From SABR member David Eskenazi at Sportspress Northwest on May 3:
[Robert Bruce] Driscoll further admitted burning down the Albers (Flapjack) Milling Co. plant, a $500,000 loss, and the Globe Feed Mills at 4915 Airport Way, where damage was estimated at $65,000. He had set fire to the Ehrlich-Harrison Harwood Lumber Company at 35 W. Hanford Street, where the loss was $80,000, and the Brace Lumber Company. He had also set fire to a railroad boxcar filled with new Buicks bound for Asia, and Seattle’s largest macaroni factory.
Driscoll drove with fire officials over all parts of Seattle, pointing out the residue of his pyromania. Driscoll told his custodians that setting blazes made him “feel better” after people “picked on him”, apparently a frequent occurrence. When Driscoll finally talked himself out, thunderstruck officials had in their custody the culprit behind 140 fires that had caused more than $1 million in losses.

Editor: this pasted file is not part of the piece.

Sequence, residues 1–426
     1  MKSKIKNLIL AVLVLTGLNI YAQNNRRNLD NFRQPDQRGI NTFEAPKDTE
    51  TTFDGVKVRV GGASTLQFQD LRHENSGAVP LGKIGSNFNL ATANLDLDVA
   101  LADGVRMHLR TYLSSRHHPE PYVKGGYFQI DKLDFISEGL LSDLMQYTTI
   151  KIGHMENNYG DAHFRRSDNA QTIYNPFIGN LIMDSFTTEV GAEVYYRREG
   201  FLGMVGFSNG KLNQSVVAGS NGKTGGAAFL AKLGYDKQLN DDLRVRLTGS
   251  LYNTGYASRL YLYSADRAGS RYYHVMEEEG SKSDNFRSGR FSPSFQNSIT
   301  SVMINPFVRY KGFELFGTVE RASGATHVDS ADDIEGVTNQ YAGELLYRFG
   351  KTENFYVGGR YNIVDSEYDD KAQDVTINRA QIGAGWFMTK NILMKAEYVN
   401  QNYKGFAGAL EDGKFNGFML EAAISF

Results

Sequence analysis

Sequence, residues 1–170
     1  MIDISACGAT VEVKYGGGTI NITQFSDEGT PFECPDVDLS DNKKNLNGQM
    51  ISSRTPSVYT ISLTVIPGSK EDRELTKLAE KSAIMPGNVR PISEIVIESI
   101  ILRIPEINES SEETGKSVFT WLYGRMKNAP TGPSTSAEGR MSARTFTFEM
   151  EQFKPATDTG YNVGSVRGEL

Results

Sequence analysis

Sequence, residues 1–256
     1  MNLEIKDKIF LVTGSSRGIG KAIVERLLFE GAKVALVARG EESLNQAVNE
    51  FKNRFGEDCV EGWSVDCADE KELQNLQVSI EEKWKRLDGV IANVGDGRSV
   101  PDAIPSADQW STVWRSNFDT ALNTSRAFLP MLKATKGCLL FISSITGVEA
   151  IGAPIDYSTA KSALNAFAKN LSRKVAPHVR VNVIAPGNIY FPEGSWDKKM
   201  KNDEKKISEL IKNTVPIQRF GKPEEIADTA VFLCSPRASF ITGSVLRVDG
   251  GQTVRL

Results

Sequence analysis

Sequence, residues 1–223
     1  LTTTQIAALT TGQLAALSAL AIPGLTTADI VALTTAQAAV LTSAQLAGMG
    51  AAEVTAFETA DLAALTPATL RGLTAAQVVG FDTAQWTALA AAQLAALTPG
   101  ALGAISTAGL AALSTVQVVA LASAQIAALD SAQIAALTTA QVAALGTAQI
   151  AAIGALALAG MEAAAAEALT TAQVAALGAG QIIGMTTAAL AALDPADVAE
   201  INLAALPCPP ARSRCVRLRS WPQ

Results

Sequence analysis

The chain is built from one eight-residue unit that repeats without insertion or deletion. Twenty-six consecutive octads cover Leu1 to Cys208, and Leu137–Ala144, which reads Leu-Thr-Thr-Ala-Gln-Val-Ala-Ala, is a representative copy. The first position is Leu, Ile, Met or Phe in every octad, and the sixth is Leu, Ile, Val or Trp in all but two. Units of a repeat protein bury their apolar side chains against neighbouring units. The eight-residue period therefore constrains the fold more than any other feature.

One of Driscoll’s blazes changed the course of Seattle sports history, serving as ground zero for a series of events that ultimately led to the sale of the Pacific Coast League’s Seattle Indians to brewery magnate Emil Sick, the formation of the Seattle Rainiers, and the construction of Sick’s Seattle Stadium. That stadium eventually put Seattle into position to acquire its first Major League franchise in late 1968, 34 years after Driscoll got sore at the world one too many times.
Using discarded baseball programs and kindling wood he found near a ticket booth, Driscoll set this particular fire late on the night of July 4, 1932, focusing on the city’s professional baseball facility, Dugdale Park, lat South McClellan Street and Rainier Avenue South. The blaze started in the north grandstands and spread quickly. The first alarm came in at 12:33 a.m., the second at 12:39, the third at 12:47.
Read the full article here: http://sportspressnw.com/2011/05/wayback-machine-a-fire-that-changed-our-sports/
Originally published: May 4, 2011. Last Updated: May 4, 2011.